The New Pathways to Gold Society (NPTGS) has received funding from the BC Rural Dividend Program to rebuild sections of the historic Cariboo Waggon Road. The Society received $54,550 for the initial phase of Cariboo Wagon Road Restoration Project. The NPTGS initiative was one of 11 projects in the Cariboo region to receive funding under the program.

“We are tremendously excited to receive these funds and we look forward to working with our project partners to survey and assess sections of the road during this first phase,” said NPTGS Co-Chair Terry Raymond.

“The Cariboo Waggon Road was called the ‘Eighth Wonder of the World’ in its heyday and to walk on it is to connect with the excitement of the Cariboo Gold Rush, the fur trade era and millennia of First Nations trade and travel.”

The Cariboo Waggon Road was a marvel of 19th Century engineering and a multicultural megaproject that defined modern British Columbia. It stretched from Yale in the south to Barkerville in the north, traversing 650 kilometers of rugged terrain. It was built by hand, with Royal Engineers labouring side by side with First Nations and Chinese workers as well as gold seekers from around the globe.

The Cariboo Waggon Road Restoration Project (CWRRP) is a partnership between NPTGS and the District of 100 Mile House. The project also enjoys support from the Cariboo Regional District, BC Parks and the Outdoor Recreation Council of BC.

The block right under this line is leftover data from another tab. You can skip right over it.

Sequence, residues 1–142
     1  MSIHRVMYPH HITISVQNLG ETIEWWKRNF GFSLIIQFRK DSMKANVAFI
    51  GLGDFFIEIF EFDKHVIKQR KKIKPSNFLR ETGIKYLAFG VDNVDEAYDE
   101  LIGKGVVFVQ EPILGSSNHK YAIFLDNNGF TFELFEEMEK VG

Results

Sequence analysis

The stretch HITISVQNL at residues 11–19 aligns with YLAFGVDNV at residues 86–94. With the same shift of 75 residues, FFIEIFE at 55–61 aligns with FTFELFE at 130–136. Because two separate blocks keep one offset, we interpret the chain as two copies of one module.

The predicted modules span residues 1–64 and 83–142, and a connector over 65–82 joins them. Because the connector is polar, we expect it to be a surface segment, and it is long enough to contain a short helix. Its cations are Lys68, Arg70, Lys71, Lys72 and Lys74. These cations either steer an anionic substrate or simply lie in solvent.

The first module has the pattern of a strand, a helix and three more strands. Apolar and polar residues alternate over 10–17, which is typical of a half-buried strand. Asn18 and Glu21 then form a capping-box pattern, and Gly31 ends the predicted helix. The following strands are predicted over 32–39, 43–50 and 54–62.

This initial phase of the project will focus on identifying and surveying sections of the Cariboo Waggon Road between Clinton and Lac La Hache. A three-person technical crew will survey the area to determine authenticity, identify access/permitting issues and prepare a detailed “restoration prescription” for intact road sections.

The mapping will take place in consultation with local First Nations, communities and businesses. NPTGS Indigenous Co-Chair Cheryl Chapman said consulting First Nations is critical because Indigenous Peoples made a big contribution to the road’s construction.

“First Nations provided much of the labour as well as knowledge of the local terrain and their existing trails network,” says Chapman.

“Were it not for the contributions made by Indigenous Peoples and the early Chinese arrivals, the Cariboo Waggon Road might never have been completed.”

NPTGS is a non-profit, non-partisan organization that partners with First Nations, communities, and all three levels of government to develop and deliver projects supporting local economies and creating heritage tourism assets in the Hope to Barkerville corridor. Since 2009, NPTGS and its partners have restored or built over 230 km of heritage trails.

The BC Rural Dividend Program grants help fund projects that support economic development and diversification in rural communities throughout the province. Administered by the Ministry of Forests, Lands, Natural Resource Operations and Rural Development, the program awarded just under $1 million to projects in the Cariboo region on April 22.

NPTGS gratefully acknowledges the financial support of the Province of British Columbia.